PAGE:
There are many habitat management practices that can be used to manipulate native plants, but none are better than prescribed burning. It seems that a record-breaking wildfire season has private landowners and state agencies interested in controlling fuel loads. The Texas A&M Institute of Renewable Natural Resources, Texas AgriLife Research and the Texas AgriLife Extension Service have assisted prescribed burn associations throughout the state in forming the new Texas Alliance of Prescribed Burn Association.
The purpose of the prescribed burn alliance will be to safely increase the use of prescribed burning, according Roel Lopez, the institute’s associate director. Lopez said prescribed burning, or the controlled application of fire to the naturally occurring buildup of fuels in a predetermined area, has been used for years to improve and manage forests and rangelands, improve wildlife habitat and reduce the risk of devastating wildfires.
“This statewide alliance, comprised of 11 prescribed burn associations, is particularly important after the wildfire season Texas just had,” he said. “Texas reported over 30,000 wildfires with nearly 4 million acres burned. More than 2,000 homes and an additional 2,000 other types of structures were lost.”
“The alliance will promote education and training, and increase the practice of safe prescribed burn techniques,” said Larry Joe Doherty, the alliance’s new president. “Prescribed burning techniques safely applied can reduce the dangers of fuel buildups that lead to the terror of wildfires and its destructive forces. At the same time, we are honoring our duties as good land stewards through wildlife habitat management and and increasing agricultural production.”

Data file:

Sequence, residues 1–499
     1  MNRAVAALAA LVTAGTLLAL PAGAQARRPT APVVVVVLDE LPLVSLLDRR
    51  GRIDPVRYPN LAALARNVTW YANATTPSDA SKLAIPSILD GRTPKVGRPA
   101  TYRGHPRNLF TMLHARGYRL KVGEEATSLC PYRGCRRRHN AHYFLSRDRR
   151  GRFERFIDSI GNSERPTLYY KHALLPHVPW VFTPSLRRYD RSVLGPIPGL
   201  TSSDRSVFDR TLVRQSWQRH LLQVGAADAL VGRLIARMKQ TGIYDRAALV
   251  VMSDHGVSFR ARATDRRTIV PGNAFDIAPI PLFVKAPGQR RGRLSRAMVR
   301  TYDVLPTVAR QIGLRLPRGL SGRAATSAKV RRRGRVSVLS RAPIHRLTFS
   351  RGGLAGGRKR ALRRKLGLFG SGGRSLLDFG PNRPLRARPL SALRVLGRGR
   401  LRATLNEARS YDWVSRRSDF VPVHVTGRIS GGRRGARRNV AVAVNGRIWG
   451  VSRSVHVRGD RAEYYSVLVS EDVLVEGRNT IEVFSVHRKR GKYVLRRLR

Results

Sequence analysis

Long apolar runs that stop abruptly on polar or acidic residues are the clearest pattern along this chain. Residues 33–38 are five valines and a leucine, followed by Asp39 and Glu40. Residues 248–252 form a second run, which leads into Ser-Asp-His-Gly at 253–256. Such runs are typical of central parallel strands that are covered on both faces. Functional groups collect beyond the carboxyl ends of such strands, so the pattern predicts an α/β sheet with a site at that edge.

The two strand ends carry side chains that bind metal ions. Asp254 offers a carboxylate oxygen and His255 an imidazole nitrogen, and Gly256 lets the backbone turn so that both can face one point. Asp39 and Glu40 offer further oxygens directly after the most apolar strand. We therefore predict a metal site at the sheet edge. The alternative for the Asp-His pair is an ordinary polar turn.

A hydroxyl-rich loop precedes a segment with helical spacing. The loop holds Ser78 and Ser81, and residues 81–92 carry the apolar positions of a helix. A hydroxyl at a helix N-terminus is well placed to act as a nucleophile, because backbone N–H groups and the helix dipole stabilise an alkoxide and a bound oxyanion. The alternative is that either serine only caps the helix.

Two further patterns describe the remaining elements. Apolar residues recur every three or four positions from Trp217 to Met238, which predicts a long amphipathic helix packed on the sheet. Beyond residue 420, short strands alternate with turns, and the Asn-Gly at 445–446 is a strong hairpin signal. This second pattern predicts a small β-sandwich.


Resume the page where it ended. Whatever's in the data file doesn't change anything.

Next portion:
Jim Kenton, alliance vice president, said the alliance will work collaboratively with private landowners, county governments, federal and state agencies, and natural resource organizations to foster the acceptance and use of prescribed burning in Texas. “Many of the devastating fires were especially dangerous because volatile fuels had been allowed to accumulate in forests and rangelands, becoming detrimental to habitat and the wildlife found there,” Kenton said.
Individual ranchers and range managers, federal and state agencies, The Nature Conservancy and wildlife associations have all used prescribed burns and a habitat management tool sporadically since the 1970s, according to alliance officials. In 1997, Texas’ first prescribed burn association, the Edwards Plateau Prescribed Burn Association, was established.
Before the newly formed alliance, the 11 prescribed burn associations, which are typically nonprofits owned and operated by more than 1,000 private landowners, worked mostly on their own, Doherty said. “Without uniformity in training and using privately purchased fire equipment, they assisted their neighbors in safely conducting prescribed burns,” he said.
Lopez said the institute, AgriLife Research and AgriLife Extension received a funds through a Natural Resources Conservation Service Conservation Innovation Grant to help form the alliance. Funds also were used to design and develop a prescribed fire website to serve the burn associations and develop web-based training for individuals wanting to attain prescribed-burning certification.
Many private landowners understand the benefits of prescribed fire, but lack the experience or confidence to frequently apply prescribed burns,” Lopez said in reference to the need for training for this highly beneficial habitat management tool. The prescribed burn alliance is about making Texas lands safer, not about money making. If you are interested in wildlife and habitat management, learn more about the proper use of prescribed fire by contacting your local burn association or Texas’ burn alliance.